It's another thing to enter into dialogue naturally as if it were a letter from a friend or a continuation of a conversation. Or think of an appealing question that makes the readers share their ideas about the topic.
An original example of a reactivation subject line. Or, perhaps, the users don't open emails because they got lost behind the Milky Way in the Andromeda Nebula.
Provocative, but effective.
Nathan suggests that you should break the rules and open this email, after all.
This question makes the user doubt and want to test their knowledge.
A simple and effective way to introduce some information: ask your subscribers whether they've heard about it. Of course, they haven't, and the direct address helps wake them up and draw their attention to your email.
A question for bearded people who are ready to experiment.
Soylent decided to stop going in circles and just ask whether the subscribers got Covid.
A dialogue is not always about questions; it can also be offering a choice to a subscriber.

Here Comes the Cringe

We've finally reached the border group between creative and usual subject lines.

Cringe creative cases happen when a brand wants to amaze the audience, but something goes wrong. For instance, a strategy was already hackneyed in 2007, or suspense looks like a barefaced advertisement.
You don't have to CAPS LOCK anything. It seems that the subject is screaming at the receiver or thinks they're not smart enough to get the same idea in lowercase: BIG bonuses for ALL orders…
Okay, this one is literally screaming at me.
They usually say "hey!…" when they've forgotten the person's name :)
In 2021 we all understand that email marketers use bulk email.

Never Mind Creativity. Be Useful!

Creative strategy is not the only way you can stand out in the inbox. There's another approach: be succinct and make the subject suggest some benefit for the readers. You can tell about the email's content or single out the main message.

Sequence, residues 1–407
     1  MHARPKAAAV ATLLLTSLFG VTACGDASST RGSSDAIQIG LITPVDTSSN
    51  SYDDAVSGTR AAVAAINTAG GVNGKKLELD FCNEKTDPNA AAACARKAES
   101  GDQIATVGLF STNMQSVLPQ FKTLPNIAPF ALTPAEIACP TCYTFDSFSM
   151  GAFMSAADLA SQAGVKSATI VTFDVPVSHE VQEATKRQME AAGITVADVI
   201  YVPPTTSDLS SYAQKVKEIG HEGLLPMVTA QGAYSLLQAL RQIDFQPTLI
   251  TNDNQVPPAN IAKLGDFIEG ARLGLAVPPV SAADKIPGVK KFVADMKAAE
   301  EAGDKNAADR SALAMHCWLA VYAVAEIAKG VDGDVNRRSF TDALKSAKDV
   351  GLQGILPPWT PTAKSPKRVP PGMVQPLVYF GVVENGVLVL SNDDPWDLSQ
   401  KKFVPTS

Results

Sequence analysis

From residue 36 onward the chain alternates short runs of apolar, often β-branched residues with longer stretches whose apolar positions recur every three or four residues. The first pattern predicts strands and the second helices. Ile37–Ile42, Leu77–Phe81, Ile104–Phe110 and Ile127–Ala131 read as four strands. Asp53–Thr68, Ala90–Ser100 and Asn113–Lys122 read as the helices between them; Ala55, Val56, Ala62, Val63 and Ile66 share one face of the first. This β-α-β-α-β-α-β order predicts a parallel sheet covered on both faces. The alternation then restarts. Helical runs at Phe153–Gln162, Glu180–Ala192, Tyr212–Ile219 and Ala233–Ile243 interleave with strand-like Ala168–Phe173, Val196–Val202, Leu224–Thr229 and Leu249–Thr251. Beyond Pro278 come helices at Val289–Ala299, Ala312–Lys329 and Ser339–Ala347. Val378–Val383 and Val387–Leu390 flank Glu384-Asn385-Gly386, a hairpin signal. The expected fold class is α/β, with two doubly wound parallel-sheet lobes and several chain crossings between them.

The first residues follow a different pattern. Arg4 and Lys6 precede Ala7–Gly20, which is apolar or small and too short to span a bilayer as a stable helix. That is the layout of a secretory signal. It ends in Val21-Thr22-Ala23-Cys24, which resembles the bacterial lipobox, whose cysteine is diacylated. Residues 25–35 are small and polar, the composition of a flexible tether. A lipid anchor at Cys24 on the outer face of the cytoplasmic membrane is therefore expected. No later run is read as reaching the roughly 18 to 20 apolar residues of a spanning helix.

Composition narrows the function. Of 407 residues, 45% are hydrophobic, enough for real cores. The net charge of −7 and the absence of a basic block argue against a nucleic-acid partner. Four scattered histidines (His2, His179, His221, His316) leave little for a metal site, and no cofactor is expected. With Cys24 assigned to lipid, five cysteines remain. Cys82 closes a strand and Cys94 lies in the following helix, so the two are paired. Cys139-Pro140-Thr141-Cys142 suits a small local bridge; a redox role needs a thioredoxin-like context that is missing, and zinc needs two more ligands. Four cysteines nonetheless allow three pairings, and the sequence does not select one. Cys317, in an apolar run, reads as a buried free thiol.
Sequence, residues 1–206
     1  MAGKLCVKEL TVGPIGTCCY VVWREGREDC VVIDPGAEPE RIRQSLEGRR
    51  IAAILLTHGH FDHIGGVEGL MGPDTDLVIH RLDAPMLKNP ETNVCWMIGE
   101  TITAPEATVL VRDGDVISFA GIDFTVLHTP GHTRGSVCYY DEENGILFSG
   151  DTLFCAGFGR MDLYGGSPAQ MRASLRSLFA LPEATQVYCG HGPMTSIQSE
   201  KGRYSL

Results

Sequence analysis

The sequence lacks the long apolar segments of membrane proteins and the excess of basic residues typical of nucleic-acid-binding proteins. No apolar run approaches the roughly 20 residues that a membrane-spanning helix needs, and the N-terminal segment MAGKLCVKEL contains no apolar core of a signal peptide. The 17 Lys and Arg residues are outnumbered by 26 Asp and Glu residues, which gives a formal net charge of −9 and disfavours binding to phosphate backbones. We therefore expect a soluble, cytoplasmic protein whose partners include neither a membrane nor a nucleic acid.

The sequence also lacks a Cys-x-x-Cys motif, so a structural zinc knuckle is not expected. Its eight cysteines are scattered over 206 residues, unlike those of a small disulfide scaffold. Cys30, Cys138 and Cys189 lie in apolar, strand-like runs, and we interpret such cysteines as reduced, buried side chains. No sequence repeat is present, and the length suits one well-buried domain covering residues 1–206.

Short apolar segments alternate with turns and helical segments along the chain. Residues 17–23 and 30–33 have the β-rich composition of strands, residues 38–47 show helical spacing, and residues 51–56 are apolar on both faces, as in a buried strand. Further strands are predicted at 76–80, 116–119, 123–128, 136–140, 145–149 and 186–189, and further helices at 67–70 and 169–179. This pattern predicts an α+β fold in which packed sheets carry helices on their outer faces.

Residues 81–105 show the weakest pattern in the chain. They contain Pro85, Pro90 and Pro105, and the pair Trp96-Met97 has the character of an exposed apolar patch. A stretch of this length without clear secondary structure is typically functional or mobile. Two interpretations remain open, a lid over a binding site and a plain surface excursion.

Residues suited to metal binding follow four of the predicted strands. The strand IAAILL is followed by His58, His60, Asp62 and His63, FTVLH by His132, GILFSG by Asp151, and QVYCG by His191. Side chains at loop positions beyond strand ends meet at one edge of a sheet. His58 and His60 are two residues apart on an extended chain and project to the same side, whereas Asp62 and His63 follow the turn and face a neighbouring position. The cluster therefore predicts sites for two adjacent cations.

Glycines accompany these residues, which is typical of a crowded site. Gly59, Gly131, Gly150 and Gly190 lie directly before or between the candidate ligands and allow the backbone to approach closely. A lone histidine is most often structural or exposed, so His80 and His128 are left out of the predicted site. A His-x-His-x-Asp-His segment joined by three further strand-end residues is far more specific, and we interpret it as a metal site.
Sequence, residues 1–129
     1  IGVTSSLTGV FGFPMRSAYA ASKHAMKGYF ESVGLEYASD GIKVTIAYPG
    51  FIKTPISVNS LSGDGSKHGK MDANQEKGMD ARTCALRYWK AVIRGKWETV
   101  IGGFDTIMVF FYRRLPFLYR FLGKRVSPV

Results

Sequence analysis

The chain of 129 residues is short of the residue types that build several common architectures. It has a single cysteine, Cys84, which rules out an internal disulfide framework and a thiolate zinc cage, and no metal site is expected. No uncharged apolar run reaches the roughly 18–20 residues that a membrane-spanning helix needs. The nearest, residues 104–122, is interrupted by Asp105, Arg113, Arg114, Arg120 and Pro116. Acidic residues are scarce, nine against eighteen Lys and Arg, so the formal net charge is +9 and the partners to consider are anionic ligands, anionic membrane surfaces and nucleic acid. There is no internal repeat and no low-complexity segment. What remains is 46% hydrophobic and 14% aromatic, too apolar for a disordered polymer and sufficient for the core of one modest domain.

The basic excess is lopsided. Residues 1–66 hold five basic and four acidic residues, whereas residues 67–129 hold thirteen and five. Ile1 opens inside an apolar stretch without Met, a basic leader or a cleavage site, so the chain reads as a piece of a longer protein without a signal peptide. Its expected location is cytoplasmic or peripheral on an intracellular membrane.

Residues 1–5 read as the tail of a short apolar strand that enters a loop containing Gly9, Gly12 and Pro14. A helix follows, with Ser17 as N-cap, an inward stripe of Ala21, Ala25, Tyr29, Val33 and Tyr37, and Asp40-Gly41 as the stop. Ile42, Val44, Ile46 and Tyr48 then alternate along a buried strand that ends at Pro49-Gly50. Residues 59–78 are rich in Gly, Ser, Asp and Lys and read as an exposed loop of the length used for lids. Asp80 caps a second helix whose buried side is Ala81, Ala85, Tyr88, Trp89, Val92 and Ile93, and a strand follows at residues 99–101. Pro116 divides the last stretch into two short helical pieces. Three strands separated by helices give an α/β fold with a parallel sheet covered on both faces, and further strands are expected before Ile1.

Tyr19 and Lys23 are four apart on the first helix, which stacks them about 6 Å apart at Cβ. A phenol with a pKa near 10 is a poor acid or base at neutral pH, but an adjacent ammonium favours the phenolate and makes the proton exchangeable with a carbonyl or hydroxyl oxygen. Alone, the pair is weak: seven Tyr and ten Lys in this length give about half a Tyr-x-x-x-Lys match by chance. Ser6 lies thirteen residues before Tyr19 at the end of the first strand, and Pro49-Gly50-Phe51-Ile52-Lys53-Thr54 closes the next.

I've found a few clear and succinct subjects which don't play with your hypothalamus, but encourage you to read the emails by offering interesting content:
These are both simple and compelling: most people will find tips and life hacks interesting.
This subject line emphasizes the exact benefits of the offer.
People who are interested in privacy issues will want to open this one.
Trello gave a succinct explanation of what you're going to find in this email.

How To Create Good Subject Lines: General Recommendations

If you're not ready for creative strategies yet, but you still need to increase your open rates, follow these 4 simple tips:

1. Don't use emoji characters to make your subject line catchy

They don't guarantee your email will be opened. You can read this research to learn more about users' attitudes to emojis in email.

2. The fewer characters you add, the better

This is especially important for mobile devices as they display only 25–30 characters. If the "headline" of an email is suddenly cut, it may remind the user of a teaser ad and make them have mixed feelings. Compare the examples below:

3. Avoid using cliches

Avoid such words and expressions as "FREE", "LAST CHANCE", "100%", etc. Also, you'd better not use Caps Lock and exclamation marks (at least, no more than one) — otherwise, your email may end up in spam.

4. Make it personal

Add a subscriber's name to make your emails more personalized. But don't overdo it: if you address your subscriber in every single email, it will sound rather aggressive:
These are the basic recommendations that most email marketers agree with. They can help you improve your open rate together with our other tips.
Darya Karpova
Darya Karpova